WATCH: Giant Sinkhole Swallows an Entire Mercedes Benz

by Lauren Boisvert

On Sunday, September 18, a water main burst in Subiaco, Australia, which created a large sinkhole in the street the size of a Mercedes Benz. How do we know it was the size of a Mercedes Benz? Because a Mercedes Benz got sucked into the sinkhole.

Video footage shows the luxury car slowly slipping into the sinkhole as water pours into the open window. Residents and responders could only stand by and watch as the car sank further and further in. Luckily, there was no one inside the car so there were no injuries. Except if you count the car itself. Once the water receded, crews pulled it out of the sinkhole looking pretty worse for wear. Additionally, the sidewalk near the car was damaged as well, as seen in the video.

Sinkhole in Australia Swallows Car, While One in Chile Caused Issues With Residents

Back in early August, a massive sinkhole opened up in Chile near a Canadian-owned mine. It was nearly 700 feet deep and 82 feet in diameter. It definitely could have swallowed more than a Mercedes Benz, but luckily it opened up on empty property; no one was injured at the site. The National Service of Geology and Mining (Sernageomin) was heavily involved in investigating the sinkhole and the adjacent copper mine.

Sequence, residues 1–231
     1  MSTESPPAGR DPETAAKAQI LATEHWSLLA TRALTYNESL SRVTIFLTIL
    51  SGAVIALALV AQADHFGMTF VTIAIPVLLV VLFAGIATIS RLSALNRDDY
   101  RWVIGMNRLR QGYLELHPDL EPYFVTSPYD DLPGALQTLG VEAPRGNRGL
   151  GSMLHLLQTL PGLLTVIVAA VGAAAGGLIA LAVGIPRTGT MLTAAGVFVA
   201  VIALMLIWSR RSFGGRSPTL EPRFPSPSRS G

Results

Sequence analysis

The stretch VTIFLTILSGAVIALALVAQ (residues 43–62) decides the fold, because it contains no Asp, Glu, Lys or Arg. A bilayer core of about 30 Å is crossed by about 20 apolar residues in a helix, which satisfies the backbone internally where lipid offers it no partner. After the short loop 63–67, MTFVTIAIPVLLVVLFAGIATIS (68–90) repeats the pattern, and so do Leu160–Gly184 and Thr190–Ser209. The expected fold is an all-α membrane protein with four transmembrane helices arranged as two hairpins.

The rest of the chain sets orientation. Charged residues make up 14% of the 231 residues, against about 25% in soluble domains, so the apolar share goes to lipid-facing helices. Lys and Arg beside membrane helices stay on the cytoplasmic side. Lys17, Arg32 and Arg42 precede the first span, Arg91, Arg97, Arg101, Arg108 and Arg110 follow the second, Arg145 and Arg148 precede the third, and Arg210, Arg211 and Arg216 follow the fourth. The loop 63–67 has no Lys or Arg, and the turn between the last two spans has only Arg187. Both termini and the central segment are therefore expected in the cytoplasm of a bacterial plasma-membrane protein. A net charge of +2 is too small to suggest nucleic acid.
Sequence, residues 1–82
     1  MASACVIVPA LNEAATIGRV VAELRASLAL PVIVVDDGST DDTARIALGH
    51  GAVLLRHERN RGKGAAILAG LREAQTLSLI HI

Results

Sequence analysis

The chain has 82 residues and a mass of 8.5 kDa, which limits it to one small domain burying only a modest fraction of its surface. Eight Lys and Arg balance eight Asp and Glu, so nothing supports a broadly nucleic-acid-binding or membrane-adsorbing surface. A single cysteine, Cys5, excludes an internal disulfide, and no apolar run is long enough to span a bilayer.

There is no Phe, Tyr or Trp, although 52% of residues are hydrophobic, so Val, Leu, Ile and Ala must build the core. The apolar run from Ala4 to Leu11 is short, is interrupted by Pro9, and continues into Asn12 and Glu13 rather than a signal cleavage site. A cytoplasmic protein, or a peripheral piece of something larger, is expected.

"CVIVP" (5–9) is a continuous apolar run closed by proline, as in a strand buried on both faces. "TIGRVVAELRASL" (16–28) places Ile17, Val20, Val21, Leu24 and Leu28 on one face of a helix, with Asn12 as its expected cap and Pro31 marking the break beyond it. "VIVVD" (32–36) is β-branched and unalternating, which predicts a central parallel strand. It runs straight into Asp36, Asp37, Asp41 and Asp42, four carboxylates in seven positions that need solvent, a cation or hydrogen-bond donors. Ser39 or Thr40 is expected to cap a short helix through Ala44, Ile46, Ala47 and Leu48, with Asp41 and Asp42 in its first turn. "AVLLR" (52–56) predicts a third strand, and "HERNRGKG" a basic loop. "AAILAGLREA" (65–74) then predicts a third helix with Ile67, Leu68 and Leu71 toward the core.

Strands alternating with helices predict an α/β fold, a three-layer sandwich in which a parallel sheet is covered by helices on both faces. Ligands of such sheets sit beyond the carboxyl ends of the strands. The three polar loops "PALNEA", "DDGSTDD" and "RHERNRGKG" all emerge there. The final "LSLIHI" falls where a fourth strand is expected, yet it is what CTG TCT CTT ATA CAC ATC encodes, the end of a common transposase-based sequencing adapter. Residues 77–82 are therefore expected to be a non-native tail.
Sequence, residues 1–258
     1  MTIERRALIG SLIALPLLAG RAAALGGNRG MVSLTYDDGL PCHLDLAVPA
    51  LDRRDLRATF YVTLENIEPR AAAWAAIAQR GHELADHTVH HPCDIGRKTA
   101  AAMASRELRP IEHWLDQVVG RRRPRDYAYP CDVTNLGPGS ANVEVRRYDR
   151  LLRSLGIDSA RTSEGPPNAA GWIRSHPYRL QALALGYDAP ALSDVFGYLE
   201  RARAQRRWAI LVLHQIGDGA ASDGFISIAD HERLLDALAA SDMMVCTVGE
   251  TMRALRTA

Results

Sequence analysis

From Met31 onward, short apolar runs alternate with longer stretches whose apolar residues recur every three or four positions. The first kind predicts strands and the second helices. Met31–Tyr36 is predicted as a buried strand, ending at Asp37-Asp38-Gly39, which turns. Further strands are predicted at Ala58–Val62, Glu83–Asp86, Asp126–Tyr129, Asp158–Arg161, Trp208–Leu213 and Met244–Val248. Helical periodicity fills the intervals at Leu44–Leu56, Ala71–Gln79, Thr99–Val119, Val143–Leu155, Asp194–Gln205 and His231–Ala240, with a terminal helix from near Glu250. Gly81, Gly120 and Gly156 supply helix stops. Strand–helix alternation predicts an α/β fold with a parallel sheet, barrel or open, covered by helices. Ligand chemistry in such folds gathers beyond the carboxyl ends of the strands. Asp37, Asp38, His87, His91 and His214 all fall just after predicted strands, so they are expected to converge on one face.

The Lundin Mining copper mine is near the Tierra Amarilla community. The 25-year-old mayor took to the radio to speak about the incident at the time. Mayor Cristóbal Zúñiga said that he and the community have “always had a fear that something like this could happen. Today it happened in a space that’s an agricultural property, but our greatest fear now is that this could happen in a populated place, on a street, in a school.”

He continued, “The government, Sernageomin, and this company must be held responsible and be investigated quickly regarding what happened and why. Sernageomin must get its act together and do a good job and clarify what the reason is, and if it is connected to mining activity, or due to nature.”

Chilean Sinkhole Doubled in Size in a Week, Was Due to ‘Excessive Mining’

The sinkhole grew in size in a little under a week, stretching 160 feet wide. According to Sernageomin, which was heading the investigation into the sinkhole, it was caused by Lundin’s “excessive mining.” Apparently, the mining regulator inspected the mine in July but did not predict the “over-exploitation” that led to the incident.

“We are going to go all the way with consequences, to sanction, not just fine,” said mining minister Marcela Hernando in a statement. “[The sinkhole] also makes us think that we have to reformulate what our inspection processes are.”